Monday, October 31, 2011
Both sides in the Libyan conflict want ICC action
In June, the International Criminal Court (ICC) issued arrest warrants for Gaddafi and his son, Saif al-Islam Gaddafi. Although Gaddafi's death moots his arrest warrant, the ICC prosecutor, Luis Moreno-Ocampo, reportedly has "substantial evidence" against Saif al-Islam Gaddafi, indicating his involvement in planning attacks against civilians. Reports also suggest that the ICC prosecutor is in indirect talks with Saif al-Islam Gaddafi regarding his possible surrender to the ICC.
Meanwhile, it is also reported that Gaddafi's other family members want the ICC prosecutor to investigate claims that NATO violated international law during its involvement in the Libyan conflict. Gaddafi's family alleges that NATO's airstrikes led to Gaddafi's death in violation of article 8 of the ICC Statute regarding war crimes.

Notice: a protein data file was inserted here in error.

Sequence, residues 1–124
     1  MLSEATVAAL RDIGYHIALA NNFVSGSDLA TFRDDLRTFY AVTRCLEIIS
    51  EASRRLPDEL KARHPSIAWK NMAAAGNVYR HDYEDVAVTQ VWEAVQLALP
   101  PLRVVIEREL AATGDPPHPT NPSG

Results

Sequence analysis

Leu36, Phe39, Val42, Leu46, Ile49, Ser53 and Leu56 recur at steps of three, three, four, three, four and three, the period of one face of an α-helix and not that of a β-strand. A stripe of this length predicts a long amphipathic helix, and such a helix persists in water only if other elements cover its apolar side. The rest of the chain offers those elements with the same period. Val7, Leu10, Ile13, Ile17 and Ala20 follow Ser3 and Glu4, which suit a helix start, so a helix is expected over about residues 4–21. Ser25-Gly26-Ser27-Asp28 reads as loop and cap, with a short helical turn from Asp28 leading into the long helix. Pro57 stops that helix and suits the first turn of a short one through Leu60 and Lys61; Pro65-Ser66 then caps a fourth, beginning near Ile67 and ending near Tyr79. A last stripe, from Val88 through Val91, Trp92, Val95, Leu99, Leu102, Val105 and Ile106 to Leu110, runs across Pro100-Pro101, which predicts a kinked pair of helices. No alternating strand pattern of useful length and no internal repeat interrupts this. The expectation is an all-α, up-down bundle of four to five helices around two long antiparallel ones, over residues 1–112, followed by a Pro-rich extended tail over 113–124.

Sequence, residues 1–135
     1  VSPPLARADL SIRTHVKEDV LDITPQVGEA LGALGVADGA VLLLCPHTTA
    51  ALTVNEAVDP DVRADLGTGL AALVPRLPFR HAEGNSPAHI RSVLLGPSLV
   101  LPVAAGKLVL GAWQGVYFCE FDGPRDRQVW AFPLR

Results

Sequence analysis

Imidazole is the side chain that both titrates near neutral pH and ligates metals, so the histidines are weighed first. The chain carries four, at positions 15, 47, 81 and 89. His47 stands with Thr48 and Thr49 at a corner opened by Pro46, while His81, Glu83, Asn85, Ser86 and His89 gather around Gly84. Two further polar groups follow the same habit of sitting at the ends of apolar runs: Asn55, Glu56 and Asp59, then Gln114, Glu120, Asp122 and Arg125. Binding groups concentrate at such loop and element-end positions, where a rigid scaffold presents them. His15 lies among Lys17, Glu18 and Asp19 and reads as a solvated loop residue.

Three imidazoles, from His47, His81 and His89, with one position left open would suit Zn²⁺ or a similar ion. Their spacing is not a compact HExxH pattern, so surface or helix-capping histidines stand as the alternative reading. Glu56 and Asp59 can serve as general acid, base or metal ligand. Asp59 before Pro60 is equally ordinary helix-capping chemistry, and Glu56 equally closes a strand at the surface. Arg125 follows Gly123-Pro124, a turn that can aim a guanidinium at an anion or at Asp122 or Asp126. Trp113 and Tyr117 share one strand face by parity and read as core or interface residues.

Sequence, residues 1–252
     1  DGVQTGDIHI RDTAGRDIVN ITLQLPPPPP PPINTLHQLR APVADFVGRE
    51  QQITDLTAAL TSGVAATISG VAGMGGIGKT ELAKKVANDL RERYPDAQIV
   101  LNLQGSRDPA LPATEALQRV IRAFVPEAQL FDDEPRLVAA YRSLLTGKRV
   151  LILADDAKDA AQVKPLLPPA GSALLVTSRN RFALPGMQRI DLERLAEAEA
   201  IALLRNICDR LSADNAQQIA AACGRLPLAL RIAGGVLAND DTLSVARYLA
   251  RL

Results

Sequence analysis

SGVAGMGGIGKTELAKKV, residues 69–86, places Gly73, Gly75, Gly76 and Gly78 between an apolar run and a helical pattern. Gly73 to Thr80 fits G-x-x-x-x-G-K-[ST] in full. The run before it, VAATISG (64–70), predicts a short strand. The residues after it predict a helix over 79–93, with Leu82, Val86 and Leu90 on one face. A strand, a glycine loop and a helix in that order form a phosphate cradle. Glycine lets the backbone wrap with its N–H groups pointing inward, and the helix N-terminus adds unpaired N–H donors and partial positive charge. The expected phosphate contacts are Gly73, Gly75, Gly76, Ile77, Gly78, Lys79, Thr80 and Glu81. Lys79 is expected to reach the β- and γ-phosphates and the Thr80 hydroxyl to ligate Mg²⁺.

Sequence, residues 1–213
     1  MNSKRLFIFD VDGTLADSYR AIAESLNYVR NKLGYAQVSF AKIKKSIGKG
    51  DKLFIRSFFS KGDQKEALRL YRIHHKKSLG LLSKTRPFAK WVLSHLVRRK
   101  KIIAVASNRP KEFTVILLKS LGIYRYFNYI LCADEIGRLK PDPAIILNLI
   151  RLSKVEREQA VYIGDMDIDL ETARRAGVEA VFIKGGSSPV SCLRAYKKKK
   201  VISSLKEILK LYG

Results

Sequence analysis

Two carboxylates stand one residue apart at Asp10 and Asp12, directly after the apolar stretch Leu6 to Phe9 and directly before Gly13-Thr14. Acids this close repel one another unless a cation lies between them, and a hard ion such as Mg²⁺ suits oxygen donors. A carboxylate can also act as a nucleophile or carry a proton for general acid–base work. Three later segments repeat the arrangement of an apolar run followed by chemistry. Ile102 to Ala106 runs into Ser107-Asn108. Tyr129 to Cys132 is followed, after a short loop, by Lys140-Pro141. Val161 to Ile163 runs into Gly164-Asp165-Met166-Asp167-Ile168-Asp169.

The family is likely to have difficulty asserting ICC jurisdiction over the matter. The ICC can only obtain jurisdiction through a referral by the United Nations Security Council, a referral by a State Party or a matter brought by the prosecutor and approved by a chamber of judges. Libya is not a party to the ICC Statute, so its government could not refer the matter. It seems unlikely that the UNSC would refer the matter to the ICC given that some of the permanent members of the UNSC are also members of NATO. Thus, the Gaddafi family would have to rely on the discretion of the ICC prosecutor and judges.